Origins

Around 760, King Trisong Detsen invited Padmasambhava and the Nalanda University abbot Shantarakshita (Tibetan Shiwatso) to Tibet to introduce Buddhism in the "Land of Snows." King Trisong Detsen ordered the translation of all Buddhist Dharma Texts into Tibetan. Padmasambhava, Shantarakshita, 108 translators, and 25 of Padmasambhava's nearest disciples worked for many years in a gigantic translation-project. The translations from this period formed the base for the large scriptural transmission of Dharma teachings into Tibet. Padmasambhava supervised mainly the translation of Tantra; Shantarakshita concentrated on the Sutra-teachings. Padmasambhava and Shantarakshita also founded the first Buddhist monastery Samye on Tibetan ground. It was the main center for dharma transmission in Tibet during this age.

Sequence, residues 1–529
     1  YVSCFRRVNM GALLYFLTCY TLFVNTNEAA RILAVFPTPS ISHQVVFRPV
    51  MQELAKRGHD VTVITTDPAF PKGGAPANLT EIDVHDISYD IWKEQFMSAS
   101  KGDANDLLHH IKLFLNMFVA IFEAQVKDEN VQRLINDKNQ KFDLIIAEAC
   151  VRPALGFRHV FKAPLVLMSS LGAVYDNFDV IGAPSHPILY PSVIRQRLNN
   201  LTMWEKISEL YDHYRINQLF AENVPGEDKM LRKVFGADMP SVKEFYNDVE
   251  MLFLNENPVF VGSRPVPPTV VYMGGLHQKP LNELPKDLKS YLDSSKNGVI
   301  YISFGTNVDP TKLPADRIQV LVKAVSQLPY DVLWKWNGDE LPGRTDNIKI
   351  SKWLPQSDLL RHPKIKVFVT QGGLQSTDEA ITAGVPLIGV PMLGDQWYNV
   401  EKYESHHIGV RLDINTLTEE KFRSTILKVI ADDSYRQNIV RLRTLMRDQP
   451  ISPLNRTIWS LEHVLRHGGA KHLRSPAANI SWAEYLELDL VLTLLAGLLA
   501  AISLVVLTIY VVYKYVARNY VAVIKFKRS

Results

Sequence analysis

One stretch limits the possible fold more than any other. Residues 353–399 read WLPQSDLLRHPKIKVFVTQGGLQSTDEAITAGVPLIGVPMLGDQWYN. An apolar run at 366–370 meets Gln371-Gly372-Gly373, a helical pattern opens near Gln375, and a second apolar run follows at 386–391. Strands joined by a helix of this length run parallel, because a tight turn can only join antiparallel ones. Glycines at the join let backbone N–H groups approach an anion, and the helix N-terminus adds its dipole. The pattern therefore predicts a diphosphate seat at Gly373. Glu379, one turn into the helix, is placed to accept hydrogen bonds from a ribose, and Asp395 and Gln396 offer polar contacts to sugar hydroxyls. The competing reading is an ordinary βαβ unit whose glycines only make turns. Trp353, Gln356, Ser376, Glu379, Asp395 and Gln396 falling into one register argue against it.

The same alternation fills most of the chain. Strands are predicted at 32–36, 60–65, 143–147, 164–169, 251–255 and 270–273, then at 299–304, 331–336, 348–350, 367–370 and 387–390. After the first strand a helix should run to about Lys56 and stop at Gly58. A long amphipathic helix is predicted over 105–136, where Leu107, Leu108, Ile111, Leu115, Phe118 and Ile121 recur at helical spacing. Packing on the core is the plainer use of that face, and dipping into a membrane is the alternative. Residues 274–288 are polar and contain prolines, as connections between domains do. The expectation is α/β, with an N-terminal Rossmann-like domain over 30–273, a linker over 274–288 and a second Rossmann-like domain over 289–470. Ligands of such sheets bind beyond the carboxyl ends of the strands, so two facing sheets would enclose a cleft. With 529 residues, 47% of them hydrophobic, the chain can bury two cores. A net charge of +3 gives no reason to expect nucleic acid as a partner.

25 disciples

The miracle-powers of the 25 disciples of Padmasambhava are widely accepted among Tibetan Buddhists. These disciples were: King Trisong Detsen, Namkhai Nyingpo, Nub Chen Sangye Yeshe, Gyalwa Choyang, the princess of Karchen Khandro Yeshe Tsogyal, Palgyi Yeshe, Palgyi Senge, the great translator Vairotsana, Nyak Jnanakumara, Gyalmo Yudra Nyingpo, Nanam Dorje Dudjom, Yeshe Yang, Sokpo Lhapal, Nanam Zhang Yeshe De, Palgyi Wangchuk, Denma Tsémang, Kawa Paltsek, Shupu Palgyi Senge, Dré Gyalwe Lodro, Drokben Khyenchung Lotsawa, Otren Palgyi Wangchuk, Ma Rinchen Chok, Lhalung Palgyi Dorje, Langdro Konchog Jungné and Lasum Gyalwa Changchup.

Early period